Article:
Society In The Great Gatsby

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1. One of the outstanding themes of The Great Gatsby is society and the classes that are involved in the society. The overall message about society is not one that is pleasant. Society is thought to be divided based on money and personality -- someone who has more money and the high class attitude is put on the top rather someone with little money and a lower class personality is dropped to the bottom. But within this anaylsis, Nick finds something even bigger than just division. After Gatsby held his extravagant parties “eight servants, including an extra gardener, toiled all day with mops and scrubbing-brushes and hammers and garden-shears, repairing the ravages of the night before” (39). Gatsby is in one of the higher classes and the lower class, the servants have …show more content…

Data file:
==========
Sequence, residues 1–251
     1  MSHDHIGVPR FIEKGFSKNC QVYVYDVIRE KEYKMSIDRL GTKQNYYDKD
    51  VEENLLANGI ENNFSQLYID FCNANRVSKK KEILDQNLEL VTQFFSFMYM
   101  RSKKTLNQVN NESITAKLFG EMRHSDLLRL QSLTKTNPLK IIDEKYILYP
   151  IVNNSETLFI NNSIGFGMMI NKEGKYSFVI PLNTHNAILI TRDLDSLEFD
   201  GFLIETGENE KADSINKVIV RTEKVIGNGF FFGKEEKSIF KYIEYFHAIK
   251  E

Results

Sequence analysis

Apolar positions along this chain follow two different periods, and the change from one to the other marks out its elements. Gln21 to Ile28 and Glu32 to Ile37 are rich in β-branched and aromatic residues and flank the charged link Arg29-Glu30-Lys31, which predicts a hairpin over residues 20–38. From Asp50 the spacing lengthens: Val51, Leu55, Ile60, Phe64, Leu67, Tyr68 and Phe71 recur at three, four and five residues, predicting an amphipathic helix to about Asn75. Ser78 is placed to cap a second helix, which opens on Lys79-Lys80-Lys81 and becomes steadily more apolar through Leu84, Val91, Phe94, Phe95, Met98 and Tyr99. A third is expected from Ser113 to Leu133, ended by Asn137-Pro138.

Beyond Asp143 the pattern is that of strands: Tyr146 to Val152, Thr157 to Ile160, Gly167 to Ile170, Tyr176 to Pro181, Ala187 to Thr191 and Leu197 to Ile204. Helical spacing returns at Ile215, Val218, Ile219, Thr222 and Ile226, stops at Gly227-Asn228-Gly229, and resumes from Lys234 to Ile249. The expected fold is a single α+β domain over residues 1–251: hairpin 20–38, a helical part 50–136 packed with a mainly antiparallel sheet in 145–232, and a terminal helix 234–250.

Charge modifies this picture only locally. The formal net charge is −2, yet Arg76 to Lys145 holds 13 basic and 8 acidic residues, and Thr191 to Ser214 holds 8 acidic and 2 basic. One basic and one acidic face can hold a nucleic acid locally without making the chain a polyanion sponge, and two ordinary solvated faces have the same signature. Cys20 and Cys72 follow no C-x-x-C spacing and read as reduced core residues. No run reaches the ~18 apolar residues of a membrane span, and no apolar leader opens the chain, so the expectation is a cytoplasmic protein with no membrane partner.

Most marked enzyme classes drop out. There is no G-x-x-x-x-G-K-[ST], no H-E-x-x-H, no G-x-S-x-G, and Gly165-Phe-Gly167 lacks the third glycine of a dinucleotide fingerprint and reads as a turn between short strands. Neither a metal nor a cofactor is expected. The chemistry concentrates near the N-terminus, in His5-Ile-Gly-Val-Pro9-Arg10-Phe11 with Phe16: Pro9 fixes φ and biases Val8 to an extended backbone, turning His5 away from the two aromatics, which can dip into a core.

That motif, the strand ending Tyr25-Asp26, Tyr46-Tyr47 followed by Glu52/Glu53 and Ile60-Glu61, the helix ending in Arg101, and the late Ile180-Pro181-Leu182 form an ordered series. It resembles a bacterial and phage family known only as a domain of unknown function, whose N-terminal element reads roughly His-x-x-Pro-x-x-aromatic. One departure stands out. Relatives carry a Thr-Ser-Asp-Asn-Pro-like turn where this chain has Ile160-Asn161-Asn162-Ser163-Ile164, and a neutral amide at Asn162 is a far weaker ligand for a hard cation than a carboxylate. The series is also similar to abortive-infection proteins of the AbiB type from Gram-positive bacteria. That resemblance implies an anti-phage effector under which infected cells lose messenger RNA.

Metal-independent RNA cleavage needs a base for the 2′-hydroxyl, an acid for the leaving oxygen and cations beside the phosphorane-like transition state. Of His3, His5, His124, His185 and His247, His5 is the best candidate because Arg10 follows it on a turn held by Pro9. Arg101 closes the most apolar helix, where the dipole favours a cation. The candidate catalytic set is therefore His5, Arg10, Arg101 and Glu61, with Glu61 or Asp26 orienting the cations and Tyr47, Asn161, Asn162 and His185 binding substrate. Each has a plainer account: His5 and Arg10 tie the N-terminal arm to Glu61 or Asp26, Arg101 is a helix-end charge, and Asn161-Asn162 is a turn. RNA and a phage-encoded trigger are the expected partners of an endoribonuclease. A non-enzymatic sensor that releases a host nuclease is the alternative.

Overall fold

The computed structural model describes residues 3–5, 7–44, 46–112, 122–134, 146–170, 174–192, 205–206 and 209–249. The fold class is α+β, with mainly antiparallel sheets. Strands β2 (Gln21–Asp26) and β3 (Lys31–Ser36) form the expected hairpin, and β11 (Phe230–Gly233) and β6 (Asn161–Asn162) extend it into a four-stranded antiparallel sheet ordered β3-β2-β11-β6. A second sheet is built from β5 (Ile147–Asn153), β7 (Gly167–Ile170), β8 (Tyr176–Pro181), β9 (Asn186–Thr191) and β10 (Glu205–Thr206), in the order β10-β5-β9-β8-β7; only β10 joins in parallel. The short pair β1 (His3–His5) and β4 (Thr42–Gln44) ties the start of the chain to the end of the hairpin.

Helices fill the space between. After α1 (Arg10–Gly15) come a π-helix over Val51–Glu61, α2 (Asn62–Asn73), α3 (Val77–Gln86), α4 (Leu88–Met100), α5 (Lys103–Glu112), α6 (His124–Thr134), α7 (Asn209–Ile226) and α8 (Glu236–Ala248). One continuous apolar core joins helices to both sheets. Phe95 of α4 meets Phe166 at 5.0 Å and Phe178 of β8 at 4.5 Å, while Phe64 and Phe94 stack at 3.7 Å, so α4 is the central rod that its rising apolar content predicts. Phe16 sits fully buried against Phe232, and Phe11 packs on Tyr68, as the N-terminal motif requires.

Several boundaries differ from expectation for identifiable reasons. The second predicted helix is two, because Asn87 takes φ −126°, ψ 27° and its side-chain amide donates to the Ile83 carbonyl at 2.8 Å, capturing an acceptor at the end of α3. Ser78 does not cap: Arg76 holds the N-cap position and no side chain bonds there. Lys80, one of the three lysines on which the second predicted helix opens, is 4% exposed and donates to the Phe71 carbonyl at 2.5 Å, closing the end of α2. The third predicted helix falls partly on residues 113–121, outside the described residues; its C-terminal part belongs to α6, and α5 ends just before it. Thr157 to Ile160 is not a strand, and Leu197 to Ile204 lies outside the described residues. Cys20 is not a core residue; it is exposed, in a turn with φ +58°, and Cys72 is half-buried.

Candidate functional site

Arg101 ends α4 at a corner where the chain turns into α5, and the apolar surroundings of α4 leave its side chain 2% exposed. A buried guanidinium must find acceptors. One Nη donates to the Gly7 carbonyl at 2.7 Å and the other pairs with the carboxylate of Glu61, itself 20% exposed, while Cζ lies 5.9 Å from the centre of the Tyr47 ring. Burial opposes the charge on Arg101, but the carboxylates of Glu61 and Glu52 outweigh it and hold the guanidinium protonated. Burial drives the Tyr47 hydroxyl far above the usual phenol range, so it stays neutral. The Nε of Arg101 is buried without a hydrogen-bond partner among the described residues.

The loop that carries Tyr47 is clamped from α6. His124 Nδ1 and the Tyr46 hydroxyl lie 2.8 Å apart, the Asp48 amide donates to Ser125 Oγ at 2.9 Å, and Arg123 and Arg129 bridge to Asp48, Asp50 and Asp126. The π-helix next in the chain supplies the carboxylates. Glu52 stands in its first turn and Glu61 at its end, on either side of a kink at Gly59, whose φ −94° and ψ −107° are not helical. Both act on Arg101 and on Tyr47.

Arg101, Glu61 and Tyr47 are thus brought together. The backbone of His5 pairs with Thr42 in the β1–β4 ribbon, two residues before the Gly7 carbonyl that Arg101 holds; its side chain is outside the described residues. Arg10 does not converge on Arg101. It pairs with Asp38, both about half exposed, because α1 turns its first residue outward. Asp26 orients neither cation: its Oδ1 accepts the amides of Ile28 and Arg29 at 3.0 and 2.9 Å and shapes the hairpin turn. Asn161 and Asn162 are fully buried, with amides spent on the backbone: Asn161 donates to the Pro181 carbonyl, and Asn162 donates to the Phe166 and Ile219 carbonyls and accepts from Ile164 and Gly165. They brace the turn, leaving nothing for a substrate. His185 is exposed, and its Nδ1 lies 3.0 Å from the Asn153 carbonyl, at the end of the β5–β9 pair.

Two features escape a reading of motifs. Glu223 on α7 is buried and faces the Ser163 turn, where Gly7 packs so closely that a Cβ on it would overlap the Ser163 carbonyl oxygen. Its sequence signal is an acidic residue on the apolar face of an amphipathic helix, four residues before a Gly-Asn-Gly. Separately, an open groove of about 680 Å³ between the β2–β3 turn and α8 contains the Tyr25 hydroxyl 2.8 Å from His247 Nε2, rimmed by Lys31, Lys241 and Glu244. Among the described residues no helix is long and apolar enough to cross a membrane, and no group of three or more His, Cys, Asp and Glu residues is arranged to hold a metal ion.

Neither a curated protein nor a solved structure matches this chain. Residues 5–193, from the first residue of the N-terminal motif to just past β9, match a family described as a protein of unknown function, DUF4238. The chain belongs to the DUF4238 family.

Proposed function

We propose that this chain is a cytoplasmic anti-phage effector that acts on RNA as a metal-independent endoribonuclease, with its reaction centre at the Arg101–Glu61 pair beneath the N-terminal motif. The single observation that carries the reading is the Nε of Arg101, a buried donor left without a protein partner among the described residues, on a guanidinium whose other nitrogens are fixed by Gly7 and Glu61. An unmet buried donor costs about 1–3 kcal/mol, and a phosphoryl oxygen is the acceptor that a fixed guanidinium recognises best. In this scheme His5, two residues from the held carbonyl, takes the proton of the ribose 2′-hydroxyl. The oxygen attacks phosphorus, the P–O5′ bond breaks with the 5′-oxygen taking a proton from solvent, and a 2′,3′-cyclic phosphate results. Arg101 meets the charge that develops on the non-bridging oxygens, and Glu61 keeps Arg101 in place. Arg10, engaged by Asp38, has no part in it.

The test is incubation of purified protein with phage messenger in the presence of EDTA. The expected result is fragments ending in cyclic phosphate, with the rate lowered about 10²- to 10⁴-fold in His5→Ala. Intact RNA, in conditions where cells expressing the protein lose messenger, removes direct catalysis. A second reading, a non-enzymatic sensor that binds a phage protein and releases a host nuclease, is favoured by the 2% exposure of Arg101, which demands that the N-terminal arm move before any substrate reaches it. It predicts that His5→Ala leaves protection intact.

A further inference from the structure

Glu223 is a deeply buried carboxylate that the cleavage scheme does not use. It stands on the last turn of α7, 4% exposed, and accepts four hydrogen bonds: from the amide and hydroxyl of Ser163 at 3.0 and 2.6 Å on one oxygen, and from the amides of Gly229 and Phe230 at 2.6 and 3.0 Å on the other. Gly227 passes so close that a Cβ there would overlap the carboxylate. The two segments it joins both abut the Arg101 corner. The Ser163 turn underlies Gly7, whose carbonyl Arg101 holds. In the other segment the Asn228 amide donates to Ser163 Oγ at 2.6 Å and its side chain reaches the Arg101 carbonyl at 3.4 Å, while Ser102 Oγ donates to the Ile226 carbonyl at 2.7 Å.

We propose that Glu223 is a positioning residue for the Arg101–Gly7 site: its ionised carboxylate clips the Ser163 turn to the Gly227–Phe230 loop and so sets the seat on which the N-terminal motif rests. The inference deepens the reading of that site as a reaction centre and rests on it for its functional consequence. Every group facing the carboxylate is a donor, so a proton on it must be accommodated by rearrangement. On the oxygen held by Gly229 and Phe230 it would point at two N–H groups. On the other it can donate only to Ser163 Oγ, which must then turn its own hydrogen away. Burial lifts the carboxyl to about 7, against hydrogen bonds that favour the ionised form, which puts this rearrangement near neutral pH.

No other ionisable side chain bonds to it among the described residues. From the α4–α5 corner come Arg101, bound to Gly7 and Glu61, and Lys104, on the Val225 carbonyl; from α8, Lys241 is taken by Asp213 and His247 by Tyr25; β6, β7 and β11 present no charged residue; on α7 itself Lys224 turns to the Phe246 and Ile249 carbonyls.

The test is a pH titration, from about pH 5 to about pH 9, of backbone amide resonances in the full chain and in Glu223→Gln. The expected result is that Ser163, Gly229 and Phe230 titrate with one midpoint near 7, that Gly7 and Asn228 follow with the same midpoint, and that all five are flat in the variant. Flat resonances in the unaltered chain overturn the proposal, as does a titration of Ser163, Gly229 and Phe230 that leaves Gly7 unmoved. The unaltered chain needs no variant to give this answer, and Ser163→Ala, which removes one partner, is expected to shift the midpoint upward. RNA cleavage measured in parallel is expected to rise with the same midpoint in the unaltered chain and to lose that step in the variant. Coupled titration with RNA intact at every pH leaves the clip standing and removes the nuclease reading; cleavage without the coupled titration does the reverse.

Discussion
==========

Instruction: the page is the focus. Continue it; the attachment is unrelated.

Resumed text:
There is no morality in expecting the lower class to take care of the upper class. Fitzgerald combats the American Dream in this book by taking many different tactics. But as it seems that Gatsby is an example of the American Dream, he started off poor and had to work for his money -- taking 3 years to save up money for his mansion -- he actually isn’t. He did work to the top, but once he got there he lost all work ethic and all morality. “James Gatz – that was really, or at least legally, his name. He had changed it at the age of seventeen and at the specific moment that witnessed the beginning of his career – when he saw Dan Cody's yacht drop anchor over the most insidious flat on Lake Superior.” (63). At 17 he understood what is was like to be poor and work hard to gain things in life but once he got with Dan Cody and saw the rich life he completely lost that. The worst part is Gatsby isn’t even on the top of the social class, Tom and Daisy are and they have even fewer morals. People like Nick and Mr. Wilson are who are further down the class ranking have more morals but are nowhere near a respectable

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